Large Scale Fading Essays

2010 Words Aug 9th, 2012 9 Pages
Large Scale Fading and
Channel modeling
Using Matlab

March 2012

Large scale fading and channel modeling

Using Matlab

Introduction
The fading phenomenon can be broadly classified into two different types: large-scale fading and small-scale fading. Large-scale fading occurs as the mobile moves through a large distance, for example, a distance of the order of cell size . It is caused by path loss of signal as a function of distance and shadowing by large objects such as buildings, intervening terrains, and vegetation. Shadowing is a slow fading process characterized by variation of median path loss between the transmitter and receiver in fixed locations. In other words, large-scale fading is characterized by
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As illustrated in Figure 1.3, large-scale and small-scale margins must be set so as to maintain the outage rate within 1 2%, which means that the received signal power must be below the target design level with the probability of 0.02 or less . In this analysis, therefore, it is essential to characterize the probabilistic nature of shadowing as well as the path loss.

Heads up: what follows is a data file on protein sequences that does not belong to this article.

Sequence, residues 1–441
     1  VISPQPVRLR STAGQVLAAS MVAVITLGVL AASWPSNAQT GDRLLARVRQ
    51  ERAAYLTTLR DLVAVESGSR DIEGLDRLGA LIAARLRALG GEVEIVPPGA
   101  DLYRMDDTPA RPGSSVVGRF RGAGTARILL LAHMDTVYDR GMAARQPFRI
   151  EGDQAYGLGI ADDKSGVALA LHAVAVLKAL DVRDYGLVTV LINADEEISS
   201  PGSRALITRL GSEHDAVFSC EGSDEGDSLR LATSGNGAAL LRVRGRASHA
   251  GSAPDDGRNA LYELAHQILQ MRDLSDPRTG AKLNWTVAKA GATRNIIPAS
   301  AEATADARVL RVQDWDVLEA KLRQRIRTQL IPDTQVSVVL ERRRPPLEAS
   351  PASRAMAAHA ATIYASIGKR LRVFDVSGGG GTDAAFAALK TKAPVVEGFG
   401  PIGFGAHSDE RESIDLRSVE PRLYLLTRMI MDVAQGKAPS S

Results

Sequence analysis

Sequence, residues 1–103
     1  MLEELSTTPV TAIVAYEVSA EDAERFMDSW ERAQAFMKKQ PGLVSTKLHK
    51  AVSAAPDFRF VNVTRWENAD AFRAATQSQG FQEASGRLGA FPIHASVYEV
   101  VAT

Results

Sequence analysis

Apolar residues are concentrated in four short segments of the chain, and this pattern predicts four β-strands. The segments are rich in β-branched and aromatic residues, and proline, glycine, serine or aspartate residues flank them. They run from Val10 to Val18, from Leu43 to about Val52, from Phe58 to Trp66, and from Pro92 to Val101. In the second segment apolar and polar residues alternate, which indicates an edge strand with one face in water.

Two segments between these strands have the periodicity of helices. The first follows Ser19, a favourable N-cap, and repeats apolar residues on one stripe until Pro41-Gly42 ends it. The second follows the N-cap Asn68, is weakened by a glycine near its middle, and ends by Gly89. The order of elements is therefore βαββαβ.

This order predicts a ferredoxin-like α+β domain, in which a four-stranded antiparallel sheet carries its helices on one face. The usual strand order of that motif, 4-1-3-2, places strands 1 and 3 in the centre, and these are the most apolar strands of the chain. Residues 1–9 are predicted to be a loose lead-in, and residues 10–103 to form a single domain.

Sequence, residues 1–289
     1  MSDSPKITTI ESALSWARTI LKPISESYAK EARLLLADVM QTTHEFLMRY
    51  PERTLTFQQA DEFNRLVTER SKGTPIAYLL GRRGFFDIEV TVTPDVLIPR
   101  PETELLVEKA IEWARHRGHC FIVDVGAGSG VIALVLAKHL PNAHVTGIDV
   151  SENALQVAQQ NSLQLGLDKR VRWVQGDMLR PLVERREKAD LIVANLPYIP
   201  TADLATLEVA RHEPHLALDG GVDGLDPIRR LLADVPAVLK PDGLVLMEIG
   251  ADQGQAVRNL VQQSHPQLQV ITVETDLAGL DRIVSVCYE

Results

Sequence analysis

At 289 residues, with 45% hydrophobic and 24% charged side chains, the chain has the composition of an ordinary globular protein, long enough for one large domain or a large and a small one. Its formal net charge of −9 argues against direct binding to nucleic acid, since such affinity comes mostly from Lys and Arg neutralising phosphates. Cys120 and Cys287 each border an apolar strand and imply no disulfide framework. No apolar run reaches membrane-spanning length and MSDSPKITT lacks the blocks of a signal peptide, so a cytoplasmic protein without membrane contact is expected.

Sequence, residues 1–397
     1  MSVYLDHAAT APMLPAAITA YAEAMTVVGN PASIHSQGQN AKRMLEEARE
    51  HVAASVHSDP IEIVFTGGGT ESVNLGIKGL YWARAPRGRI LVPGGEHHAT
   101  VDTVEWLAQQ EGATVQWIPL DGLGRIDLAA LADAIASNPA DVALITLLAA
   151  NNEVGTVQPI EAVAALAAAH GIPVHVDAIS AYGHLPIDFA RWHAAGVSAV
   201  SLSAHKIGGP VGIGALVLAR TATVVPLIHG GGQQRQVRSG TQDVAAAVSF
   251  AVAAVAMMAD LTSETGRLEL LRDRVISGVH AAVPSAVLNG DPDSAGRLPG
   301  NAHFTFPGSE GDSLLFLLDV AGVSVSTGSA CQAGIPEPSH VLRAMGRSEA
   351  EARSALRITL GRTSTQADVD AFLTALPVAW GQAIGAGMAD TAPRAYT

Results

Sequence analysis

Large-Scale Fading

General Path Loss Models

The free-space propagation model is used for predicting the received signal strength in the line-of-sight (LOS) environment where there is no obstacle between the transmitter and receiver. It is often adopted for the satellite communication systems. Let d denote the distance in meters between the transmitter and receiver. When non-isotropic antennas are used with a transmit gain of Gt and a receive gain of Gr, the received power at distance d, Pr(d), is expressed by the well-known Friis equation, given as Pr(d) = PtGtGrλ2d2 L(4π)2 ………………………………(1.1) where Pt represents the transmit power (watts), is the wavelength of radiation (m), and L is the system loss factor which is independent of propagation environment. The system loss factor represents overall attenuation or loss in the actual system hardware, including transmission line, filter, and antennas. In general, L > 1, but L = 1 if we assume that there

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